There are so many bigger problems in the world…I can’t let this one get to me.

    • “There are so many bigger problems in the world…I can’t let this one get to me”…

      I know you are right Jamie, but we always seem to come out on the short end when it comes to this subject,
      and after a while it’s just time to say enough!

  6. Whilst I agree with Lisa’s take on your comments Riccardo, I cannot fathom why you wrote what you did in the first place. I’m probably in a minority of one in these politically correct times, but I’m proud to be a treasure hunter, and I do what I do for the money. My Garrett ATPro has found me significant amounts of cash in the past 18-months and am well satisfied with its performance.

    Treasure hunting/metal detecting is entirely legal, and wholesome. I don’t need the approval of archaeologists to do what I do, though I do think some of them need a firm hand, bearing in mind the amount of looted ceramics finding their way via dodgy museums, bent curators, and brown envelopes stuffed with used notes dropped in sensitive areas. Then accuse us of corruption!

    There are decent arkies out there, and there are those who are not…mostly they are not. The chinless ones feel threatened by the sheer amount of quality finds coming to light and forming the basis of serious academic study which, in turn, highlights their own shortcomings.This is amply exemplified by the Council for British Archaeology’s wonderfully ludicrous support for the now deeply flawed, and widely ridiculed Artefact Erosion Counter, the brainchild of rancid, anti-metal detecting amateurs….prime amongst whom, describes himself as a tanned, sushi loving, cat lover!

    You/we don’t need the approval of these oddballs or any others of their ilk. However, thanks to these intellectually-free radicals, archaeology in the UK is slowly becoming a laughing stock. I am impressed!

    What a state of affairs.

  7. G.W.

    Dear metal hunter,

    Do we hunt on your archaeological sites?
    Yes, many of you do! And even more discover new ones, hide them or destroy them. And in many cases they sell it with faked proveniances.

    Do we find items that are of interest to you?
    Yes, of course. That’s the problem.

    isn’t it great that we do? No. It would be great, if metal detecting would be a non-invasive method. But taking the find out of the ground is already a destruction of a context. There are so many hoards in Britain, but we still have not learned how they were integrated in past societies. Because we nearly never get the necessary contexts. Detectorists concentrate on metal, so they will never find the settlement contexts. Necessary rescue excavations only can try to verify the deposition of the hoard, if not already destroyed by treasure hunters. So we in fact learn quite few by all these new hoards. We rather should do large scale geophysical prospection, which will not give valuable results, if the area is already perforated by metal hunters.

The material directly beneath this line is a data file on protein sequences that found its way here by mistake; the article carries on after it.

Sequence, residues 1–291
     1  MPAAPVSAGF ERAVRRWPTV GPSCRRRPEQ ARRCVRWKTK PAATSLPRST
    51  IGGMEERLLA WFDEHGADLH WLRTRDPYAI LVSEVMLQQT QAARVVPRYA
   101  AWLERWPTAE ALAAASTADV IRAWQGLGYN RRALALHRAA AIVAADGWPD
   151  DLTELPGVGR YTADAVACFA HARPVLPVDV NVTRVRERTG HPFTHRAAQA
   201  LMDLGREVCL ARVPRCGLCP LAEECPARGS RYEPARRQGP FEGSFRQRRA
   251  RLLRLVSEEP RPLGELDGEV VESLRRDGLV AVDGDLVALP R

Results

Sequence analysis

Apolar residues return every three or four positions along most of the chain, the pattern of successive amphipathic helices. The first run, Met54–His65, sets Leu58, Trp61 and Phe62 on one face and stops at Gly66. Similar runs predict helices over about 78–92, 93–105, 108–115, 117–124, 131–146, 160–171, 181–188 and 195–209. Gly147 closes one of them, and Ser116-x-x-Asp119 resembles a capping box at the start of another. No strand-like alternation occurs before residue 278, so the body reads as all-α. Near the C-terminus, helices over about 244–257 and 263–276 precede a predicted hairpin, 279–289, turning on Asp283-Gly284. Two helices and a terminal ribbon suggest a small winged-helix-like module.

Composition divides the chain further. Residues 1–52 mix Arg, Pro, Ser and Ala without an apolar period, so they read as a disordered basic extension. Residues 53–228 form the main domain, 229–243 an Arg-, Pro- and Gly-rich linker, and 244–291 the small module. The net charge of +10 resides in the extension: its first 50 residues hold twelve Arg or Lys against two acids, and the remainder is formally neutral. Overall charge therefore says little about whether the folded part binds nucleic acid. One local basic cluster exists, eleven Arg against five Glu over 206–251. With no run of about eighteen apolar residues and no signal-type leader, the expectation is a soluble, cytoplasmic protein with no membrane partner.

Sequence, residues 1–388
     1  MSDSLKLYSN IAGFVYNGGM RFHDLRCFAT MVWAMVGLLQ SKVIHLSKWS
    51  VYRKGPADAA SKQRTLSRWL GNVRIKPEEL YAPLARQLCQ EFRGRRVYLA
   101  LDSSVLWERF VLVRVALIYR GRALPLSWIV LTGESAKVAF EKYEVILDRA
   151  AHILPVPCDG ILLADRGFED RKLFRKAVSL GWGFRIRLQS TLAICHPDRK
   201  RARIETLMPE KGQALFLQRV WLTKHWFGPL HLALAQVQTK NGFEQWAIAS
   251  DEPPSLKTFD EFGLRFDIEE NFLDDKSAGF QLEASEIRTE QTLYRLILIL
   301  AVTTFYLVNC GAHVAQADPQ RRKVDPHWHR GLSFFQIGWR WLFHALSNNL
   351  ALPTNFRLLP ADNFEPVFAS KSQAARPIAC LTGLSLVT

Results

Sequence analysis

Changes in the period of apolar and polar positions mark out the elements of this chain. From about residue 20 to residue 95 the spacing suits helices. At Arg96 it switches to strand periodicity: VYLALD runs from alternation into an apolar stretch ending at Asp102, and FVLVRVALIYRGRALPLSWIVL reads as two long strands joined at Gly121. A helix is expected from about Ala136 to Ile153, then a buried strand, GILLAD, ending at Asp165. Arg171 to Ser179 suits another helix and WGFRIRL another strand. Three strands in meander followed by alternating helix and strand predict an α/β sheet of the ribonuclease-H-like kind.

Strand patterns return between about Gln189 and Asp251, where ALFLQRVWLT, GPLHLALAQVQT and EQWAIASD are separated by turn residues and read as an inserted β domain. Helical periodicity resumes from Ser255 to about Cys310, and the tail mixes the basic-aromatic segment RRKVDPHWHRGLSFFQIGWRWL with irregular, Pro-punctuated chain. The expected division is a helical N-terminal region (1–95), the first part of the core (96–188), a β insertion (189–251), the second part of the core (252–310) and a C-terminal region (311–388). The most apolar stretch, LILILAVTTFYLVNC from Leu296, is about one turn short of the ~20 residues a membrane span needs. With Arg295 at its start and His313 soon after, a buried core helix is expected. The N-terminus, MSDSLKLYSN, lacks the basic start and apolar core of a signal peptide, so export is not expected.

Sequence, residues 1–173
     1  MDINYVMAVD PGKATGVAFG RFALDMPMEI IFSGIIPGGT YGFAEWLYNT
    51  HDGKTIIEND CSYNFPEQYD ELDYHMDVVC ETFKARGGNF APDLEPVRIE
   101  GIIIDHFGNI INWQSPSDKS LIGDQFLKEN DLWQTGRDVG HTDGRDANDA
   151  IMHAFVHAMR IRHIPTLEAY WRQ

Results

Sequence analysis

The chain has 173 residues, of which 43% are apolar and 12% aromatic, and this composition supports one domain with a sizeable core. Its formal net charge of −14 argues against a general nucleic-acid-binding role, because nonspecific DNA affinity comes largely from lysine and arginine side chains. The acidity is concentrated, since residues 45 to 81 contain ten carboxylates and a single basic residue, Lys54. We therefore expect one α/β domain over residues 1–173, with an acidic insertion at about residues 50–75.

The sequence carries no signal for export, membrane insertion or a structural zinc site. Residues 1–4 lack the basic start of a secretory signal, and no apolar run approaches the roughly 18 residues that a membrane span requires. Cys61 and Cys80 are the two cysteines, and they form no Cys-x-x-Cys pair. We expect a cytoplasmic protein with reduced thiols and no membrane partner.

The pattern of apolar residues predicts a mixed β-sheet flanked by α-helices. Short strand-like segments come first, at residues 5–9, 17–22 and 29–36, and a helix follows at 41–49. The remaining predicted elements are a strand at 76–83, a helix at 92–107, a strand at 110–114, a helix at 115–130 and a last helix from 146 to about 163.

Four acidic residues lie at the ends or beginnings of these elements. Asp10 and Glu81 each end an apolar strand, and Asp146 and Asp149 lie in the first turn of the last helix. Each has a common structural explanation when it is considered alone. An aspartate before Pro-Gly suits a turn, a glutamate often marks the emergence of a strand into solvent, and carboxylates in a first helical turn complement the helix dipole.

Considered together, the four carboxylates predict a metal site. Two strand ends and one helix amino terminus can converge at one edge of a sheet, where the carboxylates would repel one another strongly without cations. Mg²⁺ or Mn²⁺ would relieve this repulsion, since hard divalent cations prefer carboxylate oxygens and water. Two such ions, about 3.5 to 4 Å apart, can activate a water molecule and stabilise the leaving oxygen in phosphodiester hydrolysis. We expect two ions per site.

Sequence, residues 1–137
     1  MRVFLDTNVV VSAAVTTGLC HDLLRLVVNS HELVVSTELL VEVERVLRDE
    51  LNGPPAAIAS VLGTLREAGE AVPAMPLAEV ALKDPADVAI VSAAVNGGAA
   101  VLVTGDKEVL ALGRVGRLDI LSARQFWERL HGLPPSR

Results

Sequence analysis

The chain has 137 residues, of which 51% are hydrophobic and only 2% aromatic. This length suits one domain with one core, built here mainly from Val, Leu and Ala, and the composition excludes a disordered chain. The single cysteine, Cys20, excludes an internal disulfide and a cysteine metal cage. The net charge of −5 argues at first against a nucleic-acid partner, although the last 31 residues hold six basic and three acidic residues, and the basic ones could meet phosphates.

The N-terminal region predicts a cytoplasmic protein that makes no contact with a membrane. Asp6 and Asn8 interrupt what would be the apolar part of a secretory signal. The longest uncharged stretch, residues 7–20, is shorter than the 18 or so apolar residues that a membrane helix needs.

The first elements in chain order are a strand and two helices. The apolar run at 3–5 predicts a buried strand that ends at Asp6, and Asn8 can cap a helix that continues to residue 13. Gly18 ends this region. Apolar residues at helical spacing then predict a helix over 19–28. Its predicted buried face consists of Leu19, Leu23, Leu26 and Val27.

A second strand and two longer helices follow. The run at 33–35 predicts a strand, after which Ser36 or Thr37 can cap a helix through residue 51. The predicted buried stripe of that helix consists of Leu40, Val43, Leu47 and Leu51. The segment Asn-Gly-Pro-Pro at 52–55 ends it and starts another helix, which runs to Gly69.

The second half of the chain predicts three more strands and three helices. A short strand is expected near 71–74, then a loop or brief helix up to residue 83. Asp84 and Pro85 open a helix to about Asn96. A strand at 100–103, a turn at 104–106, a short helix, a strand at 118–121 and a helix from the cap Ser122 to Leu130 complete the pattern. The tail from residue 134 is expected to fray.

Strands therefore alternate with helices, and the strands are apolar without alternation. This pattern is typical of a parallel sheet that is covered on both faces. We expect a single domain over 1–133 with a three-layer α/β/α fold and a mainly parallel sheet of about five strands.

I mean if we didn’t, who would?
    The next generations would have a possibility to discover them, hopefully with more sophisticated methods and with their own approaches of historical interpretation. Because you are metal hunting your kids and grandchildren will not have a prehistory any more. True archaeology is today rescue archaeology.

    Was that small town park or farmer’s field on your list of “to do’s”?
    No, probably it was not, because all our personal and financial ressources are already necessary to deal with construction sites (and cataloguing all these metal pieces). We do not have the time to make rescue excavations behind metal hunters.

    I wonder why you continue your effort to put us out of business by telling communities and governmental agencies that we destroy history!
    What else can we do? The result of PAS is an incresing umber of metal hunters and an incresing number of destructed sites (however, we now know, where they were destroyed!)

    Just what history are you referring to?
    Our common history! It belongs to the whole society, not to single hunters.
    That which has yet to be discovered, or that which might overshadow your professional credibility?
    Just making finds is not writing history.

    In theory people are welcome to join working on our history – but please it is not necessary to collect every piece of metal and to destroy all archaeological sources. There are many chances to work on history without destroying it.
    It is the effort of cultural heritage management to give future generations the possibility to deal with their past for their own – by their methods, which will need to have some archaeological site in sound.

    someone, who you would call an arkie

    • Do we hunt on your archaeological sites?